Management also has a large part to play. Minimise your mare’s risk of exposure to a disease by keeping her in a small group and around from young horses, those travelling or new yard arrivals.

Clues from the cervix?

Monitoring the cervices of pregnant women using ultrasonography is an accepted technique for predicting whether they may give birth prematurely. In mares, we know that failure of the cervical seal can cause pregnancy loss by allowing bacteria to track through the cervix and into the uterus before reaching the placenta. But ultrasonographical monitoring of mares’ cervices is not a common method of detecting these sorts of problems.

Traditionally, cervices have been assessed either by vaginal palpation or by using a speculum – techniques that run the risk of introducing infection. Palpation via the rectum is another option, but this is less accurate.

A recent study by researchers Dr Stefania Bucca and Ursula Fogarty has established the ultrasonographical appearance of the cervix at different stages of pregnancy in healthy mares. This research is significant because, once we know the standard appearance and measurements; we can use ultrasonography to identify abnormal changes to the cervix. A monitoring technique could then be developed to detect problems early on and to initiate treatment as early as possible.

Mares that have previously aborted due to placentitis – a (usually infectious) inflammation of the placenta – will benefit greatly from ultrasound monitoring of both the cervix and the combined uteroplacental unit during pregnancy. This monitoring will increase the chances of detecting and treating problems early and before external signs of infection, such as vulval discharge or premature mammary development, would have become apparent.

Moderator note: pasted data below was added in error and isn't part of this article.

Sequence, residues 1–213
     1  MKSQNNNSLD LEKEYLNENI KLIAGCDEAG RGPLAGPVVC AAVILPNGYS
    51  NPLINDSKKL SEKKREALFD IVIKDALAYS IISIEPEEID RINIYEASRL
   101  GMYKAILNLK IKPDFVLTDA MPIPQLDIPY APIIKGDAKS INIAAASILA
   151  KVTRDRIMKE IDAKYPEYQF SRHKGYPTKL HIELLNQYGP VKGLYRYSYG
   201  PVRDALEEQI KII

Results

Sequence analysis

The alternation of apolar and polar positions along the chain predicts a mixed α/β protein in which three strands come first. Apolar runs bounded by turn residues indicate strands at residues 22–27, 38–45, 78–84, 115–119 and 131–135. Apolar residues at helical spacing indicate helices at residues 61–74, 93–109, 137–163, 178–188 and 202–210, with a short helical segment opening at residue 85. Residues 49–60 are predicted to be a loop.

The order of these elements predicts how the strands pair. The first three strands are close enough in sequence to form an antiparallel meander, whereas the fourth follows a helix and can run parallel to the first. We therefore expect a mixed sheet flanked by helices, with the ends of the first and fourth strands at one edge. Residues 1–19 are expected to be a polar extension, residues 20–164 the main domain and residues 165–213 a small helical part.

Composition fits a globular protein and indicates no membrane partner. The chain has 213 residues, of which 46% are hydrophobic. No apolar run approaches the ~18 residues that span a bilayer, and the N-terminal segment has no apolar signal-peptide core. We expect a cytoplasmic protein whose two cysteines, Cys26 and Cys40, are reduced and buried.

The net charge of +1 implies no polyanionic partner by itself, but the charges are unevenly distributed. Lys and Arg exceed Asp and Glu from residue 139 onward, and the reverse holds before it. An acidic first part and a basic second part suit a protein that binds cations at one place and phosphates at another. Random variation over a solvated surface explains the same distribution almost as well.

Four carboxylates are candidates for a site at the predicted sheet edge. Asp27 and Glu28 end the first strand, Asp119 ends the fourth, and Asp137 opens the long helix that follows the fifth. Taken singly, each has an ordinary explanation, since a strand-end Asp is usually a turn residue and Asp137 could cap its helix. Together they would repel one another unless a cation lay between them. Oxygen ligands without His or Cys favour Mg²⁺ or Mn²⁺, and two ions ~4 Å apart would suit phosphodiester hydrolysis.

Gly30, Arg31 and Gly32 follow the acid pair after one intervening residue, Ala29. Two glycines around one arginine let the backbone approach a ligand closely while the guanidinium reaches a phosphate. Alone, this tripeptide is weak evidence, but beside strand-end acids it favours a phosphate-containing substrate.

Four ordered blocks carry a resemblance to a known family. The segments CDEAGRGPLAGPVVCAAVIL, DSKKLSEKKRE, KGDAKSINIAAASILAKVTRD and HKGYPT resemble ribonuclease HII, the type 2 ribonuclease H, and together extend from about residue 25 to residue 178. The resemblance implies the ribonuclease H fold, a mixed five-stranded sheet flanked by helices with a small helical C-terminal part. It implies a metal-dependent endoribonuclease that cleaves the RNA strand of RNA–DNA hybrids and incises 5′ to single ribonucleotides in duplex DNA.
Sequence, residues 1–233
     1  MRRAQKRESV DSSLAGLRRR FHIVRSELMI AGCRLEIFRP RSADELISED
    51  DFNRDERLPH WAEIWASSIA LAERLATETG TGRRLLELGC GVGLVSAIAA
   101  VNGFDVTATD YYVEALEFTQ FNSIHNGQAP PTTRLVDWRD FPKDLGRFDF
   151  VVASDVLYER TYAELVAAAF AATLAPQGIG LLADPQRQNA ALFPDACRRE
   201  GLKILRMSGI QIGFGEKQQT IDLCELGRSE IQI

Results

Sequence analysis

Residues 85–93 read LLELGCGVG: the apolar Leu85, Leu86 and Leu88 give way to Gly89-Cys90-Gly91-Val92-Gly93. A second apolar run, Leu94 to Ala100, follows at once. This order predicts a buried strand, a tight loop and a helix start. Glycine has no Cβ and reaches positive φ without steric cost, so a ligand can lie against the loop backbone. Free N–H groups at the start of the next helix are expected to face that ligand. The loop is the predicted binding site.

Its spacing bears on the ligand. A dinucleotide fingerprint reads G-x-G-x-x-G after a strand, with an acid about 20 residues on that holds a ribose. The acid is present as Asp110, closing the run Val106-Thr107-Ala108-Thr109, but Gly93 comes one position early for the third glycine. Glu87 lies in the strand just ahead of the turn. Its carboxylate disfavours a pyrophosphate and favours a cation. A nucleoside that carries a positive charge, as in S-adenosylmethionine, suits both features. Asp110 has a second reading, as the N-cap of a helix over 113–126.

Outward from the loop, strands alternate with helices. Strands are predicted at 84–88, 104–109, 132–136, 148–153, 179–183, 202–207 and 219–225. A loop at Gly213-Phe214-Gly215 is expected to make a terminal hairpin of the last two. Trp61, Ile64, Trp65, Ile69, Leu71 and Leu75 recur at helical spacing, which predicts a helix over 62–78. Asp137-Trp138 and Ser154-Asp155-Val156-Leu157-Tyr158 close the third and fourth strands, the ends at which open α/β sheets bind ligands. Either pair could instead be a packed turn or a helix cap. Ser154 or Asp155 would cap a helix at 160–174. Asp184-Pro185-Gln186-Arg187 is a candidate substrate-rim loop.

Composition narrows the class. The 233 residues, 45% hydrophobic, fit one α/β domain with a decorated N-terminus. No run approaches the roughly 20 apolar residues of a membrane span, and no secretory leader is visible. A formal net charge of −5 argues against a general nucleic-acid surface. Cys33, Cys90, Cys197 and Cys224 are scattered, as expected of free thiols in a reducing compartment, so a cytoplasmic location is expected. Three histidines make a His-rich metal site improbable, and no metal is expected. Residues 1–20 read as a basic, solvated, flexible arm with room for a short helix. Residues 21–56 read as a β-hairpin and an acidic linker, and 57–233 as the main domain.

Watching her waistline

feedAn enormous amount of attention is devoted to what pregnant women should and shouldn’t eat and to suitable vitamin and mineral supplements, Undernutrition in pregnancy is known to have a detrimental effect on the health of the offspring in most species – including horses.

For most mares in the UK, however, there is probably a greater risk of owners overfeeding their mares. Because most of the foal’s growth occurs in the last third of a pregnancy, a mare’s nutritional requirements until that time do not differ significantly to those of a non-pregnant mare.

A 2012 study published in the veterinary record, by Van der Heyden et al, shows that nutrition during pregnancy has a significant effect on whether or not a foal develops osteochondrosis (OCD), which is a form of developmental oorthopaedic disease.

These study results should be interpreted with caution, because no data was available about the composition or the quantity of the foodstuffs being fed to the pregnant mares. But the overall conclusion supports the claims of previous research – that overfeeding mares during pregnancy is detrimental to the orthopaedic health of their offspring.